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Australian data show glycaemic control lacking in young patients with type 1 diabetes

By Jane Lewis
More than two-thirds of children and adolescents with type 1 diabetes in Australia are not meeting the recognised HbA1c target, and there is an ‘urgent need’ to identify barriers to achieving optimal glycaemic control in this population, researchers report in the MJA. In ‘the first nationwide snapshot of Australian children and adolescents with type 1 diabetes,’ the researchers said it was ‘worrying’ that so few patients were meeting recommended targets. 

‘Achieving good glycaemic control in the early years is very important in terms of metabolic memory,’ commented Professor Maria Craig, paediatric endocrinologist at St George Hospital and The Children’s Hospital at Westmead, Sydney, and senior author of the study. ‘It is critical that we support young people to achieve better control, to reduce their risk of complications.’ 

‘GPs can play an important role as part of the diabetes team, and can use general consultations to ask how a patient’s diabetes management is going. Many patients need psychological support, so referral for this aspect of care may be needed as part of the chronic care plan,’ she told Endocrinology Today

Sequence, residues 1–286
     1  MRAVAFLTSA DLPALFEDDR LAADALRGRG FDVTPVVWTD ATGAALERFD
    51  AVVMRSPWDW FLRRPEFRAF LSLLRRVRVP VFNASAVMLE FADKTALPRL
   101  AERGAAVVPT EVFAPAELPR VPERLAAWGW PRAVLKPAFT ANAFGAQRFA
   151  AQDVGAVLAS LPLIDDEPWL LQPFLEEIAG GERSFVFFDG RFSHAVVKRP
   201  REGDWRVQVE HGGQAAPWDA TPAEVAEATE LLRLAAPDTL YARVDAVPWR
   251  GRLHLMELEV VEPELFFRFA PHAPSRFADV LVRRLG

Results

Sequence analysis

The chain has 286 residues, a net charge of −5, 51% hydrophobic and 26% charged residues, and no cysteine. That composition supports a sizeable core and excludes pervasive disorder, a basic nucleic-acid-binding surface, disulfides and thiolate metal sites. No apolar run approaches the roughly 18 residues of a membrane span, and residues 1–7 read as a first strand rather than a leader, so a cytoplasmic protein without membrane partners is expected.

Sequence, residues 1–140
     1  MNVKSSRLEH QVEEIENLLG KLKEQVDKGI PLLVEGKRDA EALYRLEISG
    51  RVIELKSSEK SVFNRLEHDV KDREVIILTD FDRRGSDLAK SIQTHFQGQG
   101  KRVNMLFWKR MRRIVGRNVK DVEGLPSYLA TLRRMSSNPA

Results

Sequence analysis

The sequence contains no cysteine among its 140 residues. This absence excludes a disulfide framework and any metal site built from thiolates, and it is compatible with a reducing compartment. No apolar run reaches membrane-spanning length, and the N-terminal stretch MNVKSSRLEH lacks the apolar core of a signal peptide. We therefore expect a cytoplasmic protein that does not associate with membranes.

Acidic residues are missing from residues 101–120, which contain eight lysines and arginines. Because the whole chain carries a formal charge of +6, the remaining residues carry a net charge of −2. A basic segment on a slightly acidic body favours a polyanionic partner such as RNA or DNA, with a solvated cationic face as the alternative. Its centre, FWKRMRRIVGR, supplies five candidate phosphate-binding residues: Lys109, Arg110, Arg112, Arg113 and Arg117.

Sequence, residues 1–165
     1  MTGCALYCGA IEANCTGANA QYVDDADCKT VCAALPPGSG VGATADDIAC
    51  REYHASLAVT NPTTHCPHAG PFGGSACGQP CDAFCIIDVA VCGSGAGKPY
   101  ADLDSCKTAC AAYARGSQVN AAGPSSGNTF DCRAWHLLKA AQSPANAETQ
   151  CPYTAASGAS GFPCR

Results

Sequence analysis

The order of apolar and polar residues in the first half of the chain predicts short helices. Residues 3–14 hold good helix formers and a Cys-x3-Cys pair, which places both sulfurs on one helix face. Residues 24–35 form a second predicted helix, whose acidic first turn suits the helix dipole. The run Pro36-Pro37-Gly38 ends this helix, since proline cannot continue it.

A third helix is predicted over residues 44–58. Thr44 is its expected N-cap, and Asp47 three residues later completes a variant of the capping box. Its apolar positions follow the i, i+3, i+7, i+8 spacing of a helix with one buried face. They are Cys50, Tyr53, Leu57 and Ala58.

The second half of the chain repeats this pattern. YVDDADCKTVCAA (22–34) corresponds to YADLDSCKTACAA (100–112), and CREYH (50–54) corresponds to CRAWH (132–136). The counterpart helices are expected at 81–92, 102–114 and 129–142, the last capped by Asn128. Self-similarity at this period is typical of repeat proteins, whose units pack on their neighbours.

The study was based on data extracted from the Australasian Diabetes Data Network registry, a prospective longitudinal register of data collected from the five largest paediatric diabetes centres in Australia. Among 3279 participants (mean age, 12.8 years; mean diabetes duration, 5.7 years), only 27% were found to have achieved the national HbA1c target of less than 58 mmol/mol. The proportion meeting this target declined with age, from 34% of those aged 6 years or less to 25% of those aged 14 to 18 years. 

Overall, 44% of participants were being treated with continuous subcutaneous insulin infusion, 38% with multiple daily injections of insulin and 18% with twice­-daily insulin injections. Rates of overweight and obesity were higher among participants than for this age group in the general population (33% vs 27%). 

‘Overweight and obesity are very common in type 1 diabetes, and this is likely a consequence of the need for supraphysiological doses of insulin and the focus on eating, as well as reflecting the widespread problem of overweight in the community, Professor Craig said. ‘Encouraging a healthy lifestyle is important; however, technology does have a role to play and can support improved control,’ she said, adding that the Australian Federal Government-­subsided continuous glucose monitoring program is due to be rolled out from 1st April 2017.
Med J Aust 2017; 206: 121-125. 

Picture credit: © Fertnig/     Models used for illustrative purposes only